We were busy busy busy and the day flew by. It was Friday, which means softball games at the ball field, games which I hadn’t gotten to play in weeks due to the tonsillitis events. I was stoked to get there. Just as we closed and started to clean in order to leave we heard a clap of thunder. The air shifted and the sky went black and it started pouring harder than I have ever experienced in Alaska.
She was outside with her seat completely exposed (a seat which is currently only foam as the covering seems to have disintegrated over the years). I ran and covered her.
It seems a wet bum wouldn’t be the biggest issue of the night however.
I had forgotten my rain gear.
Rule #1 in Alaska: Layers. Always pack layers. And I had, all but one: my rain jacket.
Never forget your rain jacket. In Alaska it rains almost every day (or snows in Winter). Not always hard and not always long, but almost always a bit of rain.
This was a torrential downpour and I was caught without gear.
My closing duties were done and the storm hadn’t moved down the mountain yet. Softball was still happening but if I rode down I would have been in town without warm clothes (my change wasn’t enough to get me through soaking wet) and soaked to the bone. So I waited for a ride from my boss and bid Bluebell adieu.
Well, she almost made her first full trip up to work and back.
By the time we got down to softball the storm had reached them as well and the game was rained out.
The next morning we couldn’t get up to her before work but seeing as I didn’t have nearly as far to go to work that day (I work at two places: one is the food truck at the top of the hill, the other is a restaurant at the bottom of it) I decided to try a different mode of transportation: my bike.
Last year I had a hand me down bicycle which had tire and gear issues which we were never quite able to remedy. Riding up to the food truck town was pure torture as none of my gears worked but one and riding uphill in one gear for over an hour is something I’ll leave to the pros, thank you very much.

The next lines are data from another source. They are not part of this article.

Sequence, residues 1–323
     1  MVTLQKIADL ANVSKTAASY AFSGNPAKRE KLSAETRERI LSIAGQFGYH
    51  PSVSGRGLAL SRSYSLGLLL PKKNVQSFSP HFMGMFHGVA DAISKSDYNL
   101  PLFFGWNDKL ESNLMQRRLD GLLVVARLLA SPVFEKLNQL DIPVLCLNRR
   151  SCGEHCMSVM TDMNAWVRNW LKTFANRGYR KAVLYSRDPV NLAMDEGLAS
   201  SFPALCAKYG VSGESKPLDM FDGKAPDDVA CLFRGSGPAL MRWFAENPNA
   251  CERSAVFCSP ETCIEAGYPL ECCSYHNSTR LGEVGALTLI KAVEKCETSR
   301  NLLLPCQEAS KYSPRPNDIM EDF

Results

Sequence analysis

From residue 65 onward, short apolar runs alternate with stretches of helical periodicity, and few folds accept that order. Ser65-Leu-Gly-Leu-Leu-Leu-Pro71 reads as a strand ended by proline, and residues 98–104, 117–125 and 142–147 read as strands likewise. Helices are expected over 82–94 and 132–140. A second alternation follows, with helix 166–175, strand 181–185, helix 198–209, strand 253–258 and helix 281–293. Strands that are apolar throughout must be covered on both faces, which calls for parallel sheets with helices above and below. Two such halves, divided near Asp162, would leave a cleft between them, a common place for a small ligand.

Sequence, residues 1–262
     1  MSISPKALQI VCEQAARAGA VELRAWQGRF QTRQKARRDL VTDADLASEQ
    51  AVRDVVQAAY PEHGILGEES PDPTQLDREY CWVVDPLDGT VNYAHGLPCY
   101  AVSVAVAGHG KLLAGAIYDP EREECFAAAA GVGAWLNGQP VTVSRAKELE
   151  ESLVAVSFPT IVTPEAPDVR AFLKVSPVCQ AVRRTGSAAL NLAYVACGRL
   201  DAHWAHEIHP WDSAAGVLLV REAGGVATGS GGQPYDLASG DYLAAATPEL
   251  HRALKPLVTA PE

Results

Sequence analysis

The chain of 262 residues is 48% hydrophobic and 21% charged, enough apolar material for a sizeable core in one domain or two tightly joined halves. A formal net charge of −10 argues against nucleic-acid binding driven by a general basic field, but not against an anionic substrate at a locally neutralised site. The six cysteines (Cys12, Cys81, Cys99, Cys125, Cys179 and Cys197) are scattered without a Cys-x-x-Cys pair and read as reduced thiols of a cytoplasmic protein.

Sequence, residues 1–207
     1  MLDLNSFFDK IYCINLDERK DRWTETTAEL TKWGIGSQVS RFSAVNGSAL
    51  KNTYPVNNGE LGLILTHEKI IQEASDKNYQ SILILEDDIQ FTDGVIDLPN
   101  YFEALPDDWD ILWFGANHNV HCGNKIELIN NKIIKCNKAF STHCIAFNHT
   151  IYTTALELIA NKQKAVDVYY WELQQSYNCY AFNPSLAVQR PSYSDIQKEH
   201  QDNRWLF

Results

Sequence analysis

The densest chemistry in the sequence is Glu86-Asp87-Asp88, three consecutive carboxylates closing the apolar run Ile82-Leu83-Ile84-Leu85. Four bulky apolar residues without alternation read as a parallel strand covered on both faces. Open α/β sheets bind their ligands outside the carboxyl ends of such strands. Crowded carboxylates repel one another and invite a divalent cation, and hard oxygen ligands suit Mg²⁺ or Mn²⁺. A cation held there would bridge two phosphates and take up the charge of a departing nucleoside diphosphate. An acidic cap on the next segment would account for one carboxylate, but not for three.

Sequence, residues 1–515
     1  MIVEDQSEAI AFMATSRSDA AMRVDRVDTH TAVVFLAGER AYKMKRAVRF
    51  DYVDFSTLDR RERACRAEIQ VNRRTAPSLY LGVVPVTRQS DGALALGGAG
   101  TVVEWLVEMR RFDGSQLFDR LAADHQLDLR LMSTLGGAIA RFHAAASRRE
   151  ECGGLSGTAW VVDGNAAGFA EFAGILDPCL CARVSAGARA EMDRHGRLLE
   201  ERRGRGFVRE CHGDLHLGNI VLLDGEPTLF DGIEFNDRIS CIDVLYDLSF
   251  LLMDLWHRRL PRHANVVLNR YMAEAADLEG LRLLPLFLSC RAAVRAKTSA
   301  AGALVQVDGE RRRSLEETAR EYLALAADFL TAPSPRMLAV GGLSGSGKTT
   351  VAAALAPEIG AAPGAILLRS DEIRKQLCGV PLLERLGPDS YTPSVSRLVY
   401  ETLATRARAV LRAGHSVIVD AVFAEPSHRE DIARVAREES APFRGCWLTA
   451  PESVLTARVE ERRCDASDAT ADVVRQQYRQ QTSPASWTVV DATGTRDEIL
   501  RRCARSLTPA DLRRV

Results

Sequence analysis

This year, I had borrowed a friend’s bike but it was too big for me. Every time I had to get off of it I would try to hop and propel myself forward and every time I got on I would try to get a sort of moving start and aim not to fall (which was a good aim but not always the reality).
Finally, my neighbor’s bike which had been stolen (here it’s called “borrowed” but without permission it seems a bit more of a steal) all winter reappeared. In its absence she had purchased another bike and so after having seen me and my don’t-fall-over tactics on the Too Big Bike she offered it to me.
The gears were finicky and only sort of worked and the handlebars surprised me with a sticky residue nearly impossible to remove but it had more than one gear and it moved me where I needed to go. It was all good.
Except the seat: the seat would not stay put. I’d adjusted it and tightened it and tested it countless times. It would even sometimes stay for a whole day but then the next time I would ride it I would slowly feel myself start sinking down, down, down. And so I would ride with my knees basically in my teeth, huffing and puffing just to get it going down the dirt road.
But, I ran into a girlfriend the day after my Bluebell expedition and she somehow strong-armed the bike into staying put. The seat remained in place and I was able to bike and bike and bike.
Until the tire went flat.
Easy fix, right? I borrowed a pump.